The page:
Team Ted Cruz is taking shape, and the Senate first-termer's presidential campaign could start before this spring.
The Republican senator from Texas tentatively plans to fill senior campaign positions with the triumvirate he signed last summer to expand his political operation. At the top is Jeff Roe, whose organizational title is undefined but who would be the campaign’s chief strategic and logistics decision-maker. Jason Miller would shape and oversee campaign messaging; Lauren Lofstrom would direct fundraising.
Cruz is in the process of “feeling out” additional campaign hires and prospective donors in preparation to join the field of 2016 candidates. If the senator decides to run for president, he wants to hit the ground at full speed, a senior Cruz advisor confirmed Monday.
Roe, founder of the direct mail firm Axiom Strategies, has never managed a presidential campaign. But he advised Mike Huckabee in 2008 and Rick Perry in 2012 and is familiar with the terrain in the early primary states. Republicans who have worked with Roe describe him as a talented strategist who is capable keeping a campaign operation humming. Perhaps most importantly, Roe is a good fit for Cruz’ aggressive style.
“He is a mean, bare-knuckles brawler,” one Republican operative told the Washington Examiner.
Rounding out the team are pollster Chris Perkins, who earned plaudits for being among the few to correctly forecast November’s Georgia Senate race, and Jason Johnson, the senator’s longtime political consigliere. Nick Muzin, Cruz's deputy chief of staff in his Senate office, is steeped in South Carolina politics. He is viewed as someone who might take a leave of absence from Cruz' Senate office to join the campaign.
Johnson, meanwhile, is often referred to as Cruz’s “political brain." He is rooted in the Texas GOP establishment and has been with the senator the longest among his advisors. Johnson served as chief of staff to Greg Abbott for a period when the incoming governor was state attorney general. It was in Abbott’s office that he and Cruz, then the the Lone Star State's solicitor general, bonded. Johnson guided Cruz to second place and then victory, respectively, in Texas’ 2012 GOP primary and runoff contests.
Those two races constitute the 44-year-old lawmaker’s only experience with competitive campaigns. Cruz had a very easy time in his general election win against an under-funded, no-name Democrat. Republican insiders expect Cruz to contend for first choice among GOP primary voters who favor the most confrontational and conservative candidate. But to compete for the nomination, Cruz has to step up his game.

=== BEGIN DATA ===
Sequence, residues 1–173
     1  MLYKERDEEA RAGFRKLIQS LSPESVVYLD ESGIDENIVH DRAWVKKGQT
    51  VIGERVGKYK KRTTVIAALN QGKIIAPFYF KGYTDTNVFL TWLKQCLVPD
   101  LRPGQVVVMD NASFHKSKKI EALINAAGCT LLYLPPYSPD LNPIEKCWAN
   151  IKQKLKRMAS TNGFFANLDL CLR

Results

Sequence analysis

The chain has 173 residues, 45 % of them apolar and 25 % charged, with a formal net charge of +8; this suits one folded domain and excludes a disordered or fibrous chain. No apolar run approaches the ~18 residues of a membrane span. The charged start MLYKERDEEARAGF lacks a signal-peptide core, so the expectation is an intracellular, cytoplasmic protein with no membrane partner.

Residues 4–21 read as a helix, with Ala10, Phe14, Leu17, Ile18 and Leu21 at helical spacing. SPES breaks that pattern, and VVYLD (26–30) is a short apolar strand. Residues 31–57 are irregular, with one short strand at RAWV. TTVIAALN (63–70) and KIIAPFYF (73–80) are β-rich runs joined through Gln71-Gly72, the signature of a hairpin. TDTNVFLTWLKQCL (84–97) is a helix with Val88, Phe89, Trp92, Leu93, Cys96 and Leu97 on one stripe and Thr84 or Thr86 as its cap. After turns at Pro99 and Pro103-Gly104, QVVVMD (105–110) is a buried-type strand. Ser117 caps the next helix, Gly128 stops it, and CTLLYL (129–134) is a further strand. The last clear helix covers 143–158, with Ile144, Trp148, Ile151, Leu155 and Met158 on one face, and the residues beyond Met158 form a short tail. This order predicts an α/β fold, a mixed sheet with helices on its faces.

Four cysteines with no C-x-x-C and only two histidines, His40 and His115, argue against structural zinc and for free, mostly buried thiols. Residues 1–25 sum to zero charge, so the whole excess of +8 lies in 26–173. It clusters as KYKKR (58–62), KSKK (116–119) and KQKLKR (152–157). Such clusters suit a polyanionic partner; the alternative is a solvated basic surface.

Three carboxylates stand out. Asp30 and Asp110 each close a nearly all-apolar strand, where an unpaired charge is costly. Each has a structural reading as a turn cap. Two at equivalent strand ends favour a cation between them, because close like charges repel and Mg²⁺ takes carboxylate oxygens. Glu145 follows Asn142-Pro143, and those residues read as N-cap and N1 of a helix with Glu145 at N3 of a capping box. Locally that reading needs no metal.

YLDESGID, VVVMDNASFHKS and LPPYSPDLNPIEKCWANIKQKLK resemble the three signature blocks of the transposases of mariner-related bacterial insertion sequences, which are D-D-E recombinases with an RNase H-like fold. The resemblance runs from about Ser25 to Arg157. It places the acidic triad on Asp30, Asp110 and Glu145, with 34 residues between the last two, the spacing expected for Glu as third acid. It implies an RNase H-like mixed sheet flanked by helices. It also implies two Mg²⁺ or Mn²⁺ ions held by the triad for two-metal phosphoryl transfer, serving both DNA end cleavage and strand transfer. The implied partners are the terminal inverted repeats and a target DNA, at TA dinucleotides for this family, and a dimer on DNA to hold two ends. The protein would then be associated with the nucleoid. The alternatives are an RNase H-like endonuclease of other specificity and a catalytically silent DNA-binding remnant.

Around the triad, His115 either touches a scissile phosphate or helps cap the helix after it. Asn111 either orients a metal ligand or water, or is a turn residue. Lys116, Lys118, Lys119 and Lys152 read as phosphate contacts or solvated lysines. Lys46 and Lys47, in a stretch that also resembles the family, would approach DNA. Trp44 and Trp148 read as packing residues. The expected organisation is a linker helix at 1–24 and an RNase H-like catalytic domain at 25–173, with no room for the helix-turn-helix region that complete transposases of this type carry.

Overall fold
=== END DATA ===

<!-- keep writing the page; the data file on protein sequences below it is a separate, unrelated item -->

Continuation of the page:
“His early reviews among tea party audiences have been stellar in Iowa,” a Republican insider in the Hawkeye State told the Examiner. “I don't think he can appeal as broadly in the party or in the general electorate as other candidates, but his support will be intense among those voters who have the highest anger score.”
Cruz has countered that to win the White House, Republicans must nominate a strong conservative who contrasts sharply with the Democratic nominee, likely Hillary Clinton.
Cruz has maintained a vigorous political travel schedule and been a constant presence in Iowa, New Hampshire and South Carolina — hosts, in that order, of the first three 2016 primary contests. On Sunday, he was in Myrtle Beach to address the South Carolina Tea Party Coalition Convention. Cruz has cast himself as the conservative alternative in a field that could feature multiple Establishment and Tea Party candidates. That is consistent with the image Cruz has cultivated since bursting onto the national scene three years ago.
In 2012, Cruz defeated an Establishment favorite in his GOP Senate primary. Once on Capitol Hill, he led a campaign to derail Obamacare by leveraging a government shutdown and opposed comprehensive immigration reform plans that included a pathway to legalization for illegal immigrants. These moves helped Cruz solidify a fevered fan base, particularly among Tea Party Republicans, and positioned him as a national leader.
But competing for the presidential nomination, which will be decided by more than just the most conservative voters or those sympathetic to the Tea Party, requires organization, money and an expanded network of supporters. Cruz has to assemble all of that from scratch. If the senator is as skilled at the business of campaigning as he is debating, he could surge into the top tier of candidates and propel himself beyond South Carolina. Getting there usually depends at least somewhat on how a candidate performs in Iowa and New Hampshire.
In Iowa, Cruz is expected to face stiff competition in the struggle to be king conservative. The likely field includes former Arkansas Gov. Mike Huckabee, who won the 2008 caucuses; former Sen. Rick Santorum, who won the 2012 caucuses; neurosurgeon Ben Carson; Wisconsin Gov. Scott Walker; Louisiana Gov. Bobby Jindal; Sen. Marco Rubio of Florida, and others. In New Hampshire, the top overall contenders could include 2012 GOP nominee Mitt Romney; former Florida Gov. Jeb Bush; New Hersey Gov. Chris Christie and Sen. Rand Paul of Kentucky.
“Cruz’s politics are likely too conservative for the New Hampshire electorate; his willingness to engage voters will serve him well here,” a Granite State GOP insider said. “Still, expectations for him here will be low. A strong showing in New Hampshire as the top conservative alternative would be a shot in Cruz’s arm.”